If you’ve ever had a leak, you’ve seen that cloudy rust-colored ring that water damage can leave on your walls. Stain-blocking primers will not only cover the stain, they will seal it and prevent it from bleeding through to your brand new paint. Smoke and grease can also create stains that may ghost themselves through your new paint job if not properly sealed.

3. Shiny Surfaces

Special primers called “bonding primers” mean that you can paint just about anything, even surfaces on which, in the past, paint was unlikely to stick or stay. Glass, formica and tile are just some of the surfaces you can paint if you first use bonding primer. Generally speaking, bonding primer is not well suited for exterior surfaces, as they are particularly vulnerable to the elements.

Keep your eye out for “self-priming” paints, which have come a long way since their introduction. Dutch Boy, Ace’s Royal, Benjamin Moore’s Aura and PPG’s Pure Performance have all received good reviews for coverage and quality — as well as being low VOC paints. For reviews on more paint brands, check out Interior Paints That Perform from Good Housekeeping.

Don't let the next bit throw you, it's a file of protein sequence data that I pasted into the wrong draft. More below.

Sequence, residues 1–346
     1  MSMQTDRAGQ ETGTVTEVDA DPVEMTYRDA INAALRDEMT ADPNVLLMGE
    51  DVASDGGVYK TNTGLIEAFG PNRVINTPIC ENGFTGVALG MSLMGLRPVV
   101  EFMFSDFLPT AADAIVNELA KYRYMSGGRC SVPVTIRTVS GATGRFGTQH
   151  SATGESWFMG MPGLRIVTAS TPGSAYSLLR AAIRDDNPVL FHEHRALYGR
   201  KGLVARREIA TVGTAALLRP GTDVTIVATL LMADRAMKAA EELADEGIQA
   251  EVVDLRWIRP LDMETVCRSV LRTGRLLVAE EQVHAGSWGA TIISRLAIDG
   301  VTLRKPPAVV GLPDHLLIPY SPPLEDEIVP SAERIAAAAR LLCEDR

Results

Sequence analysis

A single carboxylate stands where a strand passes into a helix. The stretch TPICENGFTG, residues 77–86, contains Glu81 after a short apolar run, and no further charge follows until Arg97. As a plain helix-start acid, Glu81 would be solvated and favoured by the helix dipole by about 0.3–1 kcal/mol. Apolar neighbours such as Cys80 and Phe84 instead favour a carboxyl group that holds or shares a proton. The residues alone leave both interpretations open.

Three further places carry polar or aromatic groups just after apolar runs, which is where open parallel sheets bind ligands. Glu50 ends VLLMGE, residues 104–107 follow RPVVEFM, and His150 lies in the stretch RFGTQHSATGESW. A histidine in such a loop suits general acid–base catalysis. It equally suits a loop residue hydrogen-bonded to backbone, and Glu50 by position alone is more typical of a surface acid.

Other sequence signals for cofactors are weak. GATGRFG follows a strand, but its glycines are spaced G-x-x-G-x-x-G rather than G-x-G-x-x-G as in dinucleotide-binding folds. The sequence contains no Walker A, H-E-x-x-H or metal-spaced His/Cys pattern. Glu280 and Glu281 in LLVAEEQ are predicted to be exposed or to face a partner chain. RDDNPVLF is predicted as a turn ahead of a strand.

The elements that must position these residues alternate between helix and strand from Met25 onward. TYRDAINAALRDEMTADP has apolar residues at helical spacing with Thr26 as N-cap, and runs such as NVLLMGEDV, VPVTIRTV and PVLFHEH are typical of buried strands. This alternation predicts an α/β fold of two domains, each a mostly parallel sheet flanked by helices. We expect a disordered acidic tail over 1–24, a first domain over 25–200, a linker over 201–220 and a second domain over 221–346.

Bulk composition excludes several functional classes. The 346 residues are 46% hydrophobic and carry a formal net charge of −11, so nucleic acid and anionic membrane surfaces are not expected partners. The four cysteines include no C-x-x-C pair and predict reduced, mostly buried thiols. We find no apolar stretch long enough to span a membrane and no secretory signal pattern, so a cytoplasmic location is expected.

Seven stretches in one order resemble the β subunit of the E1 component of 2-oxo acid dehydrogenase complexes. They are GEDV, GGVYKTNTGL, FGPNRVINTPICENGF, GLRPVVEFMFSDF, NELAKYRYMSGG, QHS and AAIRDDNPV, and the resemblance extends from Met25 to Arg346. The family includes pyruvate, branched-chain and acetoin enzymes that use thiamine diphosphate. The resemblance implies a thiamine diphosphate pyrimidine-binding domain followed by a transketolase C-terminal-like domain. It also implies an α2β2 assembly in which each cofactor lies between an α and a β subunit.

For more on priming and painting, check out these resources:

Reviews and Product Guides

Tips and Tricks

1. What’s in your house?

Knowing what you have in your house can be invaluable when disaster strikes — with modern technology, it’s easy to do.

Both MyHome Scr.app.book, a smartphone app available for iPhone and Android, and WYO Home Inventory, a free program (Windows) help you inventory the contents of your home.

2. How’s your project going?

Whether you’re re-painting a room, building a new patio or upgrading your kitchen, chances are you are not near your computer — but you might have your phone handy. If you’re an iPhone user, NestPix is for you. This app lets you track, photograph, organize and share all your home DIY, renovation and craft projects.

3. Where are you going to live?

If you’re thinking of moving, check out Realtor and PadMapper for your phone. Realtor (Android, iPhone, Windows Phone) brings you more than 4 million listings and lets you rate and annotate listings that catch your eye. PadMapper (Android, iPhone) brings together apartment listings from multiple free resources, including CraigsList and Apartments.com, and lets you see them on a map of the area you select.